Fireman Second Class Miller West Beals, Service Number 9665894

Miller was born in Sulphur Springs, Washington County, Tennessee on 10 August 1919. He worked as an automobile mechanic at a Johnson City, Tennessee dealership to support his wife and two daughters before entering service. He wanted to do his part for our nation, so Miller enlisted in the United States Navy on 4 April 1944 in Chattanooga, Tennessee.

He completed basic training at Camp Peary, Williamsburg, Virginia. As a new Seaman Second Class, Miller came home on leave before being shipped out to Pearl Harbor, Hawaii for his duty assignment. On 27 July 1944, he reported aboard the USS Bush (DD 529) a Fletcher-class Destroyer along with 20 other men whose last named started with a “B”. Soon after Miller and the USS Bush set sail to join in the war in the pacific. For the Bush it was to rejoin the fight, she had already distinguished herself in the pacific.

5 August 1944 brought about a rate change for Miller. He was reassigned to the Engineer Division and made a Fireman. Now, Fireman Second Class Beals crossed over the equator on 12 August 1944, just two days after his 25th birthday and as Navy custom dictates he was transformed from a Pollywog to a Shellback.

Miller’s first action was the Morotai Island landings on 15 September 1944 and then he participated in four unit campaigns Leyte, Luzon to include the Mindoro and Lingayen Gulf landings, Iwo Jima and Okinawa.

At Okinawa, on 6 April 1945 the USS Bush was assigned Radar Picket duty and already splashed one Japanese Kamikaze aircraft when she was hit by another. The first of three hit her at 1515 hours (3:15pm) on the starboard (right) side between the stacks exploding in the forward engine room. The second hit at 1725 hours (5:25pm) on her port (left) side also between the stacks starting a fire that nearly severed the ship. Just 20 minutes later at 1745 hours the third hit also to the port just above the main deck spraying it with debris and fire. Even after that it was believed she might just be salvageable, but unusually heavy swells rocked her and she began to cave in amidships and started breaking apart. The Captain ordered her abandoned. Miller survived all this, he was seen in the water and even swam up to one life boat, but it is was full, so he told them he would swim to the next one. He never made it there. Miller is listed on the Tablets of the Missing, Honolulu Memorial, Honolulu, Hawaii and has a memorial marker at the Fairview United Methodist Church Cemetery, Section 2, Row 2, Grave 32 in Jonesborough, Tennessee.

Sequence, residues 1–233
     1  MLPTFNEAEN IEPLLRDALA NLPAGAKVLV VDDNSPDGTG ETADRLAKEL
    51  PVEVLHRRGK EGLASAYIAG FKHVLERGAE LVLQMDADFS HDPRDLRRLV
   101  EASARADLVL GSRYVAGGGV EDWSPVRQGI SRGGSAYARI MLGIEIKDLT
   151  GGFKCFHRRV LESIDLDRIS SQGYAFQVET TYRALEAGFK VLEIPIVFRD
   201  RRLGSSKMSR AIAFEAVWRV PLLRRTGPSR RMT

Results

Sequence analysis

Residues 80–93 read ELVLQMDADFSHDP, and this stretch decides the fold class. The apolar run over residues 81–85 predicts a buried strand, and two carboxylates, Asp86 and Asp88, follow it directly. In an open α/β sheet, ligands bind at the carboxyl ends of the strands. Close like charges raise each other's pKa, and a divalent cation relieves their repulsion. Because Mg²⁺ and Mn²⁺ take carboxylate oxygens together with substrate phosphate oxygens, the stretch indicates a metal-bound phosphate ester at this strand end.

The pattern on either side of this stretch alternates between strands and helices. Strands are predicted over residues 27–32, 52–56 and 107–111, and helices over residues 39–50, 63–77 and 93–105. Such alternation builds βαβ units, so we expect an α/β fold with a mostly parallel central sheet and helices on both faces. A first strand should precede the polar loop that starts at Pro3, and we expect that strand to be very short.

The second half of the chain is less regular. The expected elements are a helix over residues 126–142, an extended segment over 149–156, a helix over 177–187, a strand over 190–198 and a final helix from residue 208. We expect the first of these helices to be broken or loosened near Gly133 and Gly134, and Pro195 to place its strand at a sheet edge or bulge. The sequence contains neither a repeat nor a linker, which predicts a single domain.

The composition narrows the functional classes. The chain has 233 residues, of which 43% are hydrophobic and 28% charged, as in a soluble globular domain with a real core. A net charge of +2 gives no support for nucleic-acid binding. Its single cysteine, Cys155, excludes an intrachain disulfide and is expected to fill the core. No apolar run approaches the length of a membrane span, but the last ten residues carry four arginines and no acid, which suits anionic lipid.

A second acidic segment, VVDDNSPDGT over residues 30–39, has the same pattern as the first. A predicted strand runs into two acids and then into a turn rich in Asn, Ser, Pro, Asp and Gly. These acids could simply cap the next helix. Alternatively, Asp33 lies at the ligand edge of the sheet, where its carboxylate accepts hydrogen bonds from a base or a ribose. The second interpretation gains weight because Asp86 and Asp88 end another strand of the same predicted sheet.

Miller was 25 years old and the son of Alley Marshall Beals and Tennie Miller. He was married to Daisy V. Dixon and they had two daughters. After the war an unknown shipmate of Miller’s visited the family and told them how courageous Miller had been. Daisy penned this poem following that and the official news of Miller’s death. It was printed in the Jonesborough Herald & Tribune newspaper.

My darling in Heaven waiting for me
Where there is no more pain and war.
And I’ll be with you soon, my dear,
And we will part no more.

They said you lost your life, my dear,
Out on the deep blue sea, but I know
Where you are, sweetheart, your up home
Waiting for me.

In the letter you ask your buddy to write,
He told of your great love for us.
And how true, darling, you were to me,
Just like I was to thee.

And he said in battles you were so brave,
Always doing your best,
And God said, Miller you’ve stood enough,
Come on home to rest.

Darling this is so hard to bear,
For we love and miss you so
We can never meet again on earth,
But we will in Heaven, I know.
-Submitted by Allen D. Jackson, USAF (Ret)

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